“Following an 11-week Inspiratory Muscle Training programme, the athlete had a 31% increase in mouth inspiratory pressure and a reduction in recovery between high intensity sprints. The athlete reported a precipitous fall in symptoms and was able to complete high intensity training without symptoms. This case shows that IMT is a suitable cost-effective intervention for athletes who present with inspiratory stridor.”
Read Inspiratory muscle training: a simple cost-effective treatment for inspiratory stridor >
“Researchers of this study hypothesized that inspiratory muscle training (IMT) would attenuate the sympathetically mediated heart rate and mean arterial pressure increases normally observed during fatiguing inspiratory muscle work.”
“Findings demonstrate that 5 weeks of resistive inspiratory muscle training is capable of increasing inspiratory muscle strength and attenuating the time-dependent rise in mediated heart rate and mean arterial pressure that occurs with resistive inspiratory work in healthy males.”
Read Inspiratory muscle training attenuates the human respiratory muscle metaboreflex >
“The aim of this study was to determine whether treadmill marching exercise induces respiratory muscle fatigue, and to compare the extent and rate of respiratory muscle fatigue to those of the calf musculature.
“Results indicated that:
- the inspiratory and calf muscles are the ones experiencing the most dominant fatigue during treadmill marching
- the rate of fatigue of each muscle group was monotonic between the initial and terminal phases of exercise
- the inspiratory muscles fatigue significantly faster than the calf at the terminal phase of exercise, and are likely to fatigue faster during the initial exercise as well.
Accordingly, this study supports the hypothesis that fatigue of the inspiratory muscles may be a limiting factor during exercise.”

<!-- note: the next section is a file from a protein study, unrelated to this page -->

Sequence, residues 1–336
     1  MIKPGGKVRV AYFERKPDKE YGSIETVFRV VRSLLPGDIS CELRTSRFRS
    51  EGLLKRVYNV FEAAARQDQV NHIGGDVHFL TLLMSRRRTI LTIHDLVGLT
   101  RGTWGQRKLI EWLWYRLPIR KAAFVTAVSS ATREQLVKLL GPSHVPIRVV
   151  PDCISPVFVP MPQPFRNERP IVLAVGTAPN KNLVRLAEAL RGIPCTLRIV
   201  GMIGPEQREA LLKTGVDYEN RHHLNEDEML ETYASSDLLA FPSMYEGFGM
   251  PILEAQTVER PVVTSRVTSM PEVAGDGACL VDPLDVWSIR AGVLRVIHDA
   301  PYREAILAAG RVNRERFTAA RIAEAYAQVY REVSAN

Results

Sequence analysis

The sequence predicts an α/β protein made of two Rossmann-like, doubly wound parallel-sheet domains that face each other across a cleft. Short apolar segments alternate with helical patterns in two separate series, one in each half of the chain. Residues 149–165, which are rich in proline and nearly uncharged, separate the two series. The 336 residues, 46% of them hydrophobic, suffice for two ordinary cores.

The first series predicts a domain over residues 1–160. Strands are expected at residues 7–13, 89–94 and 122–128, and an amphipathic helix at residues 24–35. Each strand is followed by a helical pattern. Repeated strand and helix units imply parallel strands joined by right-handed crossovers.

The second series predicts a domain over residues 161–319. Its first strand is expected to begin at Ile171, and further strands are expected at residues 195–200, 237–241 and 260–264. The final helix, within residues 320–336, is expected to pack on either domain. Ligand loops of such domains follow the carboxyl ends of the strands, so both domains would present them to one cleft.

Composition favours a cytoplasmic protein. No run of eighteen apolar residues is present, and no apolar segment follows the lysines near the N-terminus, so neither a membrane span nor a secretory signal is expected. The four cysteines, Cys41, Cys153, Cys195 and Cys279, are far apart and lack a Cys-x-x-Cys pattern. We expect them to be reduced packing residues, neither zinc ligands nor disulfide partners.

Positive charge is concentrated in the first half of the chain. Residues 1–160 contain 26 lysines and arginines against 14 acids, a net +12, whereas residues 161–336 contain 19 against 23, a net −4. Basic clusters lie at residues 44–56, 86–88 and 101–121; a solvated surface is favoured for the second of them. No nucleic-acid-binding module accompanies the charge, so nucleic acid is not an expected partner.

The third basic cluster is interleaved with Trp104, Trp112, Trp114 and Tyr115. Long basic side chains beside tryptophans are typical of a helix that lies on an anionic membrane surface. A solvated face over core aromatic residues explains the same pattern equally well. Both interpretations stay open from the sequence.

Read Inspiratory muscles experience fatigue faster than the calf muscles during treadmill marching >
For this study “the effects of inspiratory muscle warm-up on inspiratory muscle function and on the maximum distance covered in a subsequent incremental badminton-footwork test were examined.”
“Findings suggest that the inspiratory mucsle-specific warm-up improved footwork performance in the subsequent maximum incremental badminton-footwork test. The improved footwork was partly attributable to the reduced breathless sensation resulting from the enhanced inspiratory mucsle function, whereas the contribution of the concomitant reduction in blood lactate accumulation was relatively minor.
Read Specific Inspiratory Muscle Warm-Up Enhances Badminton Footwork Performance >
The purpose of this study was to examine the effects of inspiratory muscle training (IMT) on whole body exercise performance time.
“Improvements in whole body exercise performance due to IMT program may be enhanced by preceding the IMT training session with a short bout of intense whole body exercise.”
Read Effects of Inspiratory Muscle Training on Whole Body Exercise Performance in Males >